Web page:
top of page

JLBC Learning from feedback


JLBC Learning from feedback

You develop your character as a leader when you seek out and receive feedback. The two-way process of disclosing things about yourself and receiving comments on your performance builds trust. This, in turn, reduces the gap between your public and private faces and increases the authenticity of your leadership.

JLBC Seeking the truth

Once you have learned to both give and receive feedback skillfully and constructively, you will be ready to lead your team into greater self-awareness and higher performance levels. You can ask for feedback (formally or informally) from any of the people you contact daily—members of your team, your superiors, clients, or suppliers.

The following questions are a good starting point for discussion with your appraiser, especially if you ask them to back up their answers with real examples:

• What do you see as my strengths?

• What do you think I am blind to?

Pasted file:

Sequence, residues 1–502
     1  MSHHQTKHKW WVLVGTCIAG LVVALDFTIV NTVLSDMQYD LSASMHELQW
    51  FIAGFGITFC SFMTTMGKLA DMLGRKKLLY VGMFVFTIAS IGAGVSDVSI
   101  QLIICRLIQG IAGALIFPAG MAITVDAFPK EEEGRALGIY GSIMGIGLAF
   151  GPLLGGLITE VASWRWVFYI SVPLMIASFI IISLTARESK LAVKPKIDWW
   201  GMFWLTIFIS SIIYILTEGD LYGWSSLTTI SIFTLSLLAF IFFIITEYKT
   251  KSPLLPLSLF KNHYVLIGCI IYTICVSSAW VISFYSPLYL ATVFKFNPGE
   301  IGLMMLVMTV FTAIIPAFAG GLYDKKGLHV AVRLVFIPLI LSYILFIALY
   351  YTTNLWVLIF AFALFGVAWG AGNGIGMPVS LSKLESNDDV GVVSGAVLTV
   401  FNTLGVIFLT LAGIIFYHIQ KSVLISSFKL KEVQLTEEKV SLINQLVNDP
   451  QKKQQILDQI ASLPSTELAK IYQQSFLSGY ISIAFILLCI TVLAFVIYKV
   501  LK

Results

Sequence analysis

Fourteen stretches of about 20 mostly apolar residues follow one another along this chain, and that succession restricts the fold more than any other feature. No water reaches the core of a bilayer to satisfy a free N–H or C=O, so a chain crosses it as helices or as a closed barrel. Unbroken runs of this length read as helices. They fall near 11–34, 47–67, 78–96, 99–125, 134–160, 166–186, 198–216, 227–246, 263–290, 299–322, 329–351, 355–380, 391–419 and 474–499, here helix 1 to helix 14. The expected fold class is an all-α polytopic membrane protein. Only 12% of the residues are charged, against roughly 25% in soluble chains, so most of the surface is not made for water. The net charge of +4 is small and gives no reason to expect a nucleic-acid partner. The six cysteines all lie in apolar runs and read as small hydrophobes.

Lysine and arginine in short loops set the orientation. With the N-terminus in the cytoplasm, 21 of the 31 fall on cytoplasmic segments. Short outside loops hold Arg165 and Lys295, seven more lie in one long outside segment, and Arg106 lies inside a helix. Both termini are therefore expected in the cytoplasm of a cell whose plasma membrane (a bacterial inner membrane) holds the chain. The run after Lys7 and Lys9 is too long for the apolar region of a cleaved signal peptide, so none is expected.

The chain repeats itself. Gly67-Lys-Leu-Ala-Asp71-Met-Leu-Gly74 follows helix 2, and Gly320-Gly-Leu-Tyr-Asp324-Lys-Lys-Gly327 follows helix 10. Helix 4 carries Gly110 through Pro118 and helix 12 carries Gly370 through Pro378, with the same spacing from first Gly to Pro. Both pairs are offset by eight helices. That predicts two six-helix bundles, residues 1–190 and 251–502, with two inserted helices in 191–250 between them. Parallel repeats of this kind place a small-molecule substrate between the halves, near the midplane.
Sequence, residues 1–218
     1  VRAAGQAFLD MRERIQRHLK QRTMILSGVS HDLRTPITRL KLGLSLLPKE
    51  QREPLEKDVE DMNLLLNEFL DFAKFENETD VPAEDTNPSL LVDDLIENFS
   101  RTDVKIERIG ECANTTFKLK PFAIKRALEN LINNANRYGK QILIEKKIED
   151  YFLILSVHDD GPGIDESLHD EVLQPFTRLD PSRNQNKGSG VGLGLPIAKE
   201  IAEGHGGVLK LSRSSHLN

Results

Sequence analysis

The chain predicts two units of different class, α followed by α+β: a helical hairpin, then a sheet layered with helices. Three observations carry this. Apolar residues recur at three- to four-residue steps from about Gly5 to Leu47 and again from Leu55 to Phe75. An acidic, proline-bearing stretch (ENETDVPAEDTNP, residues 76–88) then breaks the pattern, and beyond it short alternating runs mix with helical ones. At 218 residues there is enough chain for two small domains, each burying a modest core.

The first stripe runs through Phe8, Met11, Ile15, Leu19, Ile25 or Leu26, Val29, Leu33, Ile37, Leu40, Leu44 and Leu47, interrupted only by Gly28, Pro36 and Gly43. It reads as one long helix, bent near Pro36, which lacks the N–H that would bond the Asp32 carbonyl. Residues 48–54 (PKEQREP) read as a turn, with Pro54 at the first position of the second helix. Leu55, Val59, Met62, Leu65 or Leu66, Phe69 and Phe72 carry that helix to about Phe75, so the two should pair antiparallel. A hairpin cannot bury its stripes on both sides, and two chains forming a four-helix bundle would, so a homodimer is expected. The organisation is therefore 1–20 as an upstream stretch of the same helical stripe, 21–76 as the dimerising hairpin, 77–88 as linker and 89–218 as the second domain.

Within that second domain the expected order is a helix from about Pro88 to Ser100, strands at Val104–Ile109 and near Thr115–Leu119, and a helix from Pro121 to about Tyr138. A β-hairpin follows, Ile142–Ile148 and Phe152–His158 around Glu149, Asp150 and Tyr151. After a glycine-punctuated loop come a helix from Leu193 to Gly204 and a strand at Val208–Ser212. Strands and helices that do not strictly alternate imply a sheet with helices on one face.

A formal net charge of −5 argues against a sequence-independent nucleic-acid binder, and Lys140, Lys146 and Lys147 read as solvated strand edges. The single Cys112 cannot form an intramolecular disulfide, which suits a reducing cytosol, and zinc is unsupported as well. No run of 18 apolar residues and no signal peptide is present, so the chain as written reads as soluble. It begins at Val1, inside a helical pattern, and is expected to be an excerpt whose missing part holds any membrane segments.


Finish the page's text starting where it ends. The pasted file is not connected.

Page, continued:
• What development areas do you think I should be focusing on?

JLBC In focus


• What should I do less of/more of?

• What potential do you see in me?

Or, if you are using competencies to

set and monitor your targets, try

• the following phrasing:

Which competencies do I consistently

demonstrate? (Enclose a copy of

• your competencies.)

Which competencies do you think?

• I could go on developing further?

JLBC Cadets, what changes do you foresee in the next 12 months, and on which competencies do you think I should be focusing my development?

Ideally, the 360° process should be managed by an objective external coach to ensure high-quality feedback, a balanced viewpoint, and anonymity for those individuals brave enough to give feedback to their boss. However, the review could be done internally if your organizational culture is open and all agree to a no-blame approach.

1 view0 comments


bottom of page